Format

Send to

Choose Destination
Pediatr Nephrol. 2009 Oct;24(10):2059-63. doi: 10.1007/s00467-009-1233-7. Epub 2009 Jul 9.

Can prompt treatment of childhood UTI prevent kidney scarring?

Author information

1
Department of Pediatric Nephrology, Royal Victoria Infirmary, Newcastle NE1 4LP, United Kingdom. malcolm.coulthard@nuth.nhs.uk

Abstract

The aim of the study reported here was to determine whether kidney scarring after urinary tract infections (UTI) in children can be prevented and to identify the risk factors for developing scars. We identified children in the Northern health region of the UK who had been seen to develop scars, identified as new defects on dimercapto-succinic acid (DMSA) scanning. Risk factors were sought by reviewing case-notes and interviews with parents. Twenty girls were identified whose new scarring was strongly associated with having both vesicoureteric reflux (VUR) and a UTI (p = 0.0001); 19/23 (83%) of kidneys exposed to both of these factors developed scars. Children were much more likely to be febrile (94 vs. 30%, p < 0.0001) or unwell (82 vs. 10%, p < 0.0001) during their earlier UTIs when they were of median age 2.8 years (range 0.3-5.0 years) and did not scar, compared to their later UTIs at age 7.3 years (1.2-12.5 years), when they did scar. However, most patients were treated within 1 day of their symptoms for their early UTIs, compared to a wait >or=7 days for later UTIs (p = 0.001). Being febrile or unwell during a UTI does not predict the development of scars, but prompt treatment appears to prevent scarring in children with VUR.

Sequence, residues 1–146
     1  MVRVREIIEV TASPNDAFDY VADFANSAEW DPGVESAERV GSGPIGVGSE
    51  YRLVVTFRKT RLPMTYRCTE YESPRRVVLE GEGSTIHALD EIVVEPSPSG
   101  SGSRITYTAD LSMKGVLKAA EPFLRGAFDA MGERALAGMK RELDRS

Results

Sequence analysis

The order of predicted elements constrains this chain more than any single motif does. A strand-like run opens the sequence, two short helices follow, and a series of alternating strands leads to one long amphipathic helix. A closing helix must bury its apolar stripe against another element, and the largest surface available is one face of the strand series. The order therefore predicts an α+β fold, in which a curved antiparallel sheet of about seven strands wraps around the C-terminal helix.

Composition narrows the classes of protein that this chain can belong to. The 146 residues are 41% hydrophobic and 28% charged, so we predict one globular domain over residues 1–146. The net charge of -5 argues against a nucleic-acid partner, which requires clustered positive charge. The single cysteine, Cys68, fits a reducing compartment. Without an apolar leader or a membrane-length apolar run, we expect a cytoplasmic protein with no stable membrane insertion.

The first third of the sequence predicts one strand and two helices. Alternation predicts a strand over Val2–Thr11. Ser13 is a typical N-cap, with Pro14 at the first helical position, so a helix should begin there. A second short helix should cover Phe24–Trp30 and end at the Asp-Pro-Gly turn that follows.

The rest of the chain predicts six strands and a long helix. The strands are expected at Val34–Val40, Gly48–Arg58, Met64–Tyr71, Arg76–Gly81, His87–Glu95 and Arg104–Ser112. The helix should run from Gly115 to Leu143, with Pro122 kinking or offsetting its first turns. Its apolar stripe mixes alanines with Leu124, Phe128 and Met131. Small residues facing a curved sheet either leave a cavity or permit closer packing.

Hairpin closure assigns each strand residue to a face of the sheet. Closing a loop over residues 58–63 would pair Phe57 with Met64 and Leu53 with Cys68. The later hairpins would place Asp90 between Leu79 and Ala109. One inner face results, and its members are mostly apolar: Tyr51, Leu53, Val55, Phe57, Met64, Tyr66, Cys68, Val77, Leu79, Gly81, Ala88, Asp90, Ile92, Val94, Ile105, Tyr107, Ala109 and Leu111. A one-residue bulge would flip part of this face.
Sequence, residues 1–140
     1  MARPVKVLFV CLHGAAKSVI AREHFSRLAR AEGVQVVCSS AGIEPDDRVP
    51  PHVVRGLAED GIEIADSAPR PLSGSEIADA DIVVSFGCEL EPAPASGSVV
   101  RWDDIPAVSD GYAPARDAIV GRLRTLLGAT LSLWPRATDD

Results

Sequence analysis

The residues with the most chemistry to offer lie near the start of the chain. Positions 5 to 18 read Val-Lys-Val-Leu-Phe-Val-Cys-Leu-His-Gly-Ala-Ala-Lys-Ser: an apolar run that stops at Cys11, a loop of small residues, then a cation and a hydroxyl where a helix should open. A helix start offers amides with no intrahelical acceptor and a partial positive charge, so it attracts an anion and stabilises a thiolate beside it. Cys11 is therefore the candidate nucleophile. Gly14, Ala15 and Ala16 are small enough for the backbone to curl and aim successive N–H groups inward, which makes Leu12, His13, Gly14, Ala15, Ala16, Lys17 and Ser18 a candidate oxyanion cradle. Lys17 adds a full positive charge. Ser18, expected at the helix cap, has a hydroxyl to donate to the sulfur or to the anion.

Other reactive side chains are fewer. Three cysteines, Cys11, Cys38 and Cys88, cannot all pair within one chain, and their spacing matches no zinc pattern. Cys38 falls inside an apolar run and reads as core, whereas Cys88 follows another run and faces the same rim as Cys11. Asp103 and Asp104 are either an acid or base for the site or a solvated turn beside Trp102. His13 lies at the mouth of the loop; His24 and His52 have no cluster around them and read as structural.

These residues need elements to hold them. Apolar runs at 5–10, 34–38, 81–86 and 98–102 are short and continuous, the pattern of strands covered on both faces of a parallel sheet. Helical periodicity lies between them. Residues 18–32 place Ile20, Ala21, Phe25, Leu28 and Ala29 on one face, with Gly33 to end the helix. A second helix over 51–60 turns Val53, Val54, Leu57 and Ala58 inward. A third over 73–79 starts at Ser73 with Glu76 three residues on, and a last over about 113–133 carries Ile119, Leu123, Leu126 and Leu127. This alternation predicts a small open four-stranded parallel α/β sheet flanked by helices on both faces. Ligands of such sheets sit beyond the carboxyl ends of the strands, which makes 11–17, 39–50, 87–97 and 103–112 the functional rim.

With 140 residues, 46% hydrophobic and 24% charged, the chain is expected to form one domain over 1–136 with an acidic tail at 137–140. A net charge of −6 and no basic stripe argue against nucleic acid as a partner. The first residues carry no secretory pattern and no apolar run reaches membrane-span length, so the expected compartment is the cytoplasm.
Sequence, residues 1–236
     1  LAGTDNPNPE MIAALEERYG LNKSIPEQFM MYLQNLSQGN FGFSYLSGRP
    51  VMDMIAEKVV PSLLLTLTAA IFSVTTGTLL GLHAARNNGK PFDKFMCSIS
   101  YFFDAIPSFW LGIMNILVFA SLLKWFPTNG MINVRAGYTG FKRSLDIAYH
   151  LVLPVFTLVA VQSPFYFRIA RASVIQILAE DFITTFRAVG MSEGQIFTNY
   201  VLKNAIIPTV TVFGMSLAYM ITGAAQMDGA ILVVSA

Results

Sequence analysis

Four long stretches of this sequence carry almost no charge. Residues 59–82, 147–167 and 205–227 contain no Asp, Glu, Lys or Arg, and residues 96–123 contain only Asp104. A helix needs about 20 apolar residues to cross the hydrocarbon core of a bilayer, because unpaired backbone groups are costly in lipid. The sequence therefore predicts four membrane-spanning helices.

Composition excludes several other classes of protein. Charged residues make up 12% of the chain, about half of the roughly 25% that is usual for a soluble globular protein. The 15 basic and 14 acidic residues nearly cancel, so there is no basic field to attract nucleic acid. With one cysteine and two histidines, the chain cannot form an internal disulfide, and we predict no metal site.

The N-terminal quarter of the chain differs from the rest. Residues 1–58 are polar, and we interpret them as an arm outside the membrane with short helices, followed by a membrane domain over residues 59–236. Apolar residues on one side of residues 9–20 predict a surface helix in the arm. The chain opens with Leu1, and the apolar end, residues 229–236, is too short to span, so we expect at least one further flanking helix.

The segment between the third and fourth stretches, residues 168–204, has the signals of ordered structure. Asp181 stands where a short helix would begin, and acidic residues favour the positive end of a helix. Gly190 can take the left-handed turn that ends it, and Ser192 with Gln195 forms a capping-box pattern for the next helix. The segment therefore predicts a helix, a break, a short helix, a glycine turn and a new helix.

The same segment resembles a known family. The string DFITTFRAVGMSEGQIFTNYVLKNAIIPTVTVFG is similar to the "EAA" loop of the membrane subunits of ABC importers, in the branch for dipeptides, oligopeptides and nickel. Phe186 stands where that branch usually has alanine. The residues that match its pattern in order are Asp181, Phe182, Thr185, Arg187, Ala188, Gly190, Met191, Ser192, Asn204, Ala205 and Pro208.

PMID:
19588169
DOI:
10.1007/s00467-009-1233-7
[Indexed for MEDLINE]

Supplemental Content

Full text links

Icon for Springer
Loading ...
Support Center